What’s the best policy for combating climate change?

Credit: Glen Gyssler

Jeff Cockrell | Feb 12, 2019

One of the difficulties of mitigating climate change is that when people or companies send carbon dioxide into the atmosphere—thereby contributing to a process that is raising global temperatures—they don’t pay the full environmental cost of that action. One solution to this problem is to tax carbon emissions, allowing the government to set a price equivalent to its estimate of the future costs of carbon usage. Another is a cap-and-trade system, in which the government sets a limit on carbon usage and allows companies to trade or sell their rights to emit carbon at a price set by the market. When Chicago Booth’s Initiative on Global Markets asked its US Economic Experts Panel which of these solutions is better, the respondents tended to favor a carbon tax—though a quarter of the panel said the answer was uncertain. A number of the experts noted that either policy would be preferable to doing nothing.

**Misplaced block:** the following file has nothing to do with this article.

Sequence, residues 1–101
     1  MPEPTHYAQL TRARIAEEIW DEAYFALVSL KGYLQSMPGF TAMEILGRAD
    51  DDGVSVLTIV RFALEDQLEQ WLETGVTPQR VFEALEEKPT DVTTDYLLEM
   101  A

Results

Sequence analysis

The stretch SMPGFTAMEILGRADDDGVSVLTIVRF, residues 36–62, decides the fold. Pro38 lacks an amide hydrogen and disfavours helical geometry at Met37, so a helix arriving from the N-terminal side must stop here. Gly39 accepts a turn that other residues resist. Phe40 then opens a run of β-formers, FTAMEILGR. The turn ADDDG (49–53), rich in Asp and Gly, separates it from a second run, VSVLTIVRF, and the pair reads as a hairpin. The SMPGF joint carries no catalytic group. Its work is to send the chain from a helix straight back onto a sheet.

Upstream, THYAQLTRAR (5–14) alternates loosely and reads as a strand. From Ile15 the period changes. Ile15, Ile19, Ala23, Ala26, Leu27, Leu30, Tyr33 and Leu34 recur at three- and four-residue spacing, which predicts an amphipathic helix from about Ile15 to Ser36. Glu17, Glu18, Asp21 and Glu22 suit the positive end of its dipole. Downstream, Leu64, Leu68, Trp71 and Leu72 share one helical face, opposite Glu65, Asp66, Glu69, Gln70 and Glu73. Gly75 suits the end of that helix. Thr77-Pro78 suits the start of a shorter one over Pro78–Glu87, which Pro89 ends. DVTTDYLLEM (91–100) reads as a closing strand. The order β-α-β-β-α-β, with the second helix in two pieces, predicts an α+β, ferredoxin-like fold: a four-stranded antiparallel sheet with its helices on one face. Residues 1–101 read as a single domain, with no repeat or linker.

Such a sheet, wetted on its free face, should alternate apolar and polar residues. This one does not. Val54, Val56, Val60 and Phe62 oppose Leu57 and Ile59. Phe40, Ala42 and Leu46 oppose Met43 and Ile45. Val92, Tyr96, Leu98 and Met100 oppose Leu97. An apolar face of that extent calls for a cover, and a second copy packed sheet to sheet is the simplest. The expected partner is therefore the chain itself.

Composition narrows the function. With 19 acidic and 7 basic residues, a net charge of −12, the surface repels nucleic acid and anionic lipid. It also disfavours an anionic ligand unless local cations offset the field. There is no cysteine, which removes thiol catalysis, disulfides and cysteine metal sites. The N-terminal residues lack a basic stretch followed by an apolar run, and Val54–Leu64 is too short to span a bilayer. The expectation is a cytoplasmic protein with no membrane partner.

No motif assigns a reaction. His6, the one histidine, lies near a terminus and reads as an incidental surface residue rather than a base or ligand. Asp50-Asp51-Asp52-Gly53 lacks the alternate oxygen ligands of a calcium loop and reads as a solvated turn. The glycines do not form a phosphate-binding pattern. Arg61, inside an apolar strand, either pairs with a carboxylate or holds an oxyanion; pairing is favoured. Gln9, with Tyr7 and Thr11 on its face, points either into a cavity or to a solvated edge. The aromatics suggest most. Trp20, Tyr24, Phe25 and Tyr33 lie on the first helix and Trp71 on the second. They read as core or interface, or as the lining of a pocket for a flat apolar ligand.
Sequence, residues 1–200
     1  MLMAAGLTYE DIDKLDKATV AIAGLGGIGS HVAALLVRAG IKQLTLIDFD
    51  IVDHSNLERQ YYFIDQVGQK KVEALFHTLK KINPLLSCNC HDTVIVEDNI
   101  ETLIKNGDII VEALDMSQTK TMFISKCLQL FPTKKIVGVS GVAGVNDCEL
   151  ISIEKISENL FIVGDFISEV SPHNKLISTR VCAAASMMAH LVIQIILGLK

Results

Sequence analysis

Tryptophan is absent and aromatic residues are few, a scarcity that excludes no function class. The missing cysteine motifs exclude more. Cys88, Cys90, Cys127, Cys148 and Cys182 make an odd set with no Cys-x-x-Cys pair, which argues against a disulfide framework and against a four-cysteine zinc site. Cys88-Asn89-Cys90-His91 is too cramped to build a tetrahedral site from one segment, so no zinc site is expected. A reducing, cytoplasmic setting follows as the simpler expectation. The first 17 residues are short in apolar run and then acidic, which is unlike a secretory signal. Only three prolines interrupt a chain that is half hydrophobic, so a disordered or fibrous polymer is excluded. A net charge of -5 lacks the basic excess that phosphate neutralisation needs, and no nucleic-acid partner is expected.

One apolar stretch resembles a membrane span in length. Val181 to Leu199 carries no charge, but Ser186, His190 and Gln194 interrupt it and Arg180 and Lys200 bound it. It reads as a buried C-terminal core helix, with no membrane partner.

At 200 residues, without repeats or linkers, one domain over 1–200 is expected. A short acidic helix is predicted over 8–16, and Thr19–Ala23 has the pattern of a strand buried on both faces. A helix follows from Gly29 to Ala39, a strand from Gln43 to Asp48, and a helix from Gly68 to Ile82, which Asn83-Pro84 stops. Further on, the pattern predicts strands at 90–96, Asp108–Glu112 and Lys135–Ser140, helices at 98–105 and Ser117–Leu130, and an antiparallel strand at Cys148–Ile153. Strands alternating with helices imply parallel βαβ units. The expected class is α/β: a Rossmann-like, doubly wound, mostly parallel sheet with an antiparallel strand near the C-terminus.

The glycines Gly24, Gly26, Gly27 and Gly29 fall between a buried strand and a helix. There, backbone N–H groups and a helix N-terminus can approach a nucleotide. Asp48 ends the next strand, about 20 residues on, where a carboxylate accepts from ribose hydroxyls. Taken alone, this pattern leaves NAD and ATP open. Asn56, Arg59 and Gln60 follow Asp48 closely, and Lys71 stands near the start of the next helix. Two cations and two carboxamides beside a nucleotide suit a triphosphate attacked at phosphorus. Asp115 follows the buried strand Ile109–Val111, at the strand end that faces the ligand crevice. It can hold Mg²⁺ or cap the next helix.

Judith Chevalier, Yale
“Depends. But of course, either better than status quo.”
Response: Uncertain

Kenneth Judd, Stanford
“A carbon tax imposes a uniform carbon price across all emissions. How do you cap my car’s annual CO2 emissions? Also, we need the revenue.”
Response: Strongly agree

José Scheinkman, Columbia 
“Carbon taxes greatly simplify market design, albeit with the risk of missing desired targets. This can be fixed by changing tax rates.”
Response: Agree